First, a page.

Your garden may be a mass of colour and scent at the moment, but it’s not just for our enjoyment. Flowers will use every trick in the book to ensure that the right pollinator comes a-knocking.
Significance of colour
Winter pollinated flowers will also be light in colour, and have a strong scent to marshal the pollinators onto the landing strip.
On the other hand, tropical flowers will have strong colours to cope with being seen in strong sunlight.
In UK, very early spring flowers are mainly white or yellow
Honey bees, although blind to red, distinguish at least four different colour regions, namely, yellow (including orange and yellow green), blue green, blue (including purple and violet), and ultraviolet. Their sensitivity to ultraviolet enables bees to follow nectar-guide patterns not apparent to the human eye .
Bee flowers, open in the daytime, attract their insect visitors primarily by bright colours. At close range, special patterns and fragrances come into play. Many bee flowers provide their visitors with a landing platform in the form of a broad lower lip eg nectar guides on the lower spurred petal of the viola, on which the bee sits down before pushing its way into the flower’s interior
Typical moth flowers are datura, stephanotis, and honeysuckle. The flowers are light-coloured, with often long and narrow tubes, without landing platforms. The petals are sometimes fringed; the copious nectar is often in a spur. They are open and overwhelmingly fragrant at night.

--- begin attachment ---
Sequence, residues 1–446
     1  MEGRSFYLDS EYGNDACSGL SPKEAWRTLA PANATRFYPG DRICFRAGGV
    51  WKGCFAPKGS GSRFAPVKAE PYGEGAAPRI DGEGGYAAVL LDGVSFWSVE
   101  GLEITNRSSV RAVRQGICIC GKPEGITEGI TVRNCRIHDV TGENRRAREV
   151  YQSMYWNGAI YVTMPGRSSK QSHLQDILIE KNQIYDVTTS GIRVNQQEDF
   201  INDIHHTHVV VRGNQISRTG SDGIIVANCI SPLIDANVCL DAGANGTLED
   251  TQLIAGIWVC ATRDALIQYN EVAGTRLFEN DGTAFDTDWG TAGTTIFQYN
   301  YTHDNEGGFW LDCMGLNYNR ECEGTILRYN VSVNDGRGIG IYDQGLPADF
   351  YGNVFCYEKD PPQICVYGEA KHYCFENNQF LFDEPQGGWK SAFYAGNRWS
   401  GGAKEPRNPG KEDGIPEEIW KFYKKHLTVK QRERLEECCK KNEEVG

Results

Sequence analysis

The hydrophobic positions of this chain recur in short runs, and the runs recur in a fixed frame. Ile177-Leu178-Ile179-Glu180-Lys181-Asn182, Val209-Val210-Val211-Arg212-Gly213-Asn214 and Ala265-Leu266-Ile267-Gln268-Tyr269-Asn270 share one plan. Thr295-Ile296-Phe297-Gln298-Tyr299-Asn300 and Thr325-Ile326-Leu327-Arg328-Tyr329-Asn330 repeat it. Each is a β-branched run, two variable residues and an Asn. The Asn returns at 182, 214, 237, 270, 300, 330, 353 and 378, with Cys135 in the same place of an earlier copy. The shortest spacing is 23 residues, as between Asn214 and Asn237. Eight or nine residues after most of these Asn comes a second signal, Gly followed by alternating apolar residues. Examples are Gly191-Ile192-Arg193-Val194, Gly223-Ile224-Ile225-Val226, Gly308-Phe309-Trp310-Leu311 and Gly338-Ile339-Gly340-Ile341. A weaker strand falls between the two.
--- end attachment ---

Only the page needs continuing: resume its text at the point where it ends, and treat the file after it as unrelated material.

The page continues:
Good butterfly flowers are conspicuously coloured, often red, generally smaller than moth flowers, and have flat-topped inflorescences that provide the perfect landing space for them
Why do plants smell?
The smell of the flower alerts pollinators that the plant is ready to be pollinated, and when the appropriate insect or animal arrives to collect pollen and/or nectar, pollen gets transferred.
Part of the mechanism that is used to attract insects and animals such as bats to roses and other flowers is the fragrance. Using this powerful lure gets the pollinator in close proximity to the plant. In like manner, the flower scent in turn attracts the pollinator to other plants, making pollination possible.
The fact that flowers smell good is simply Nature’s way of making sure the cycle of life for the plants continues with no interruption.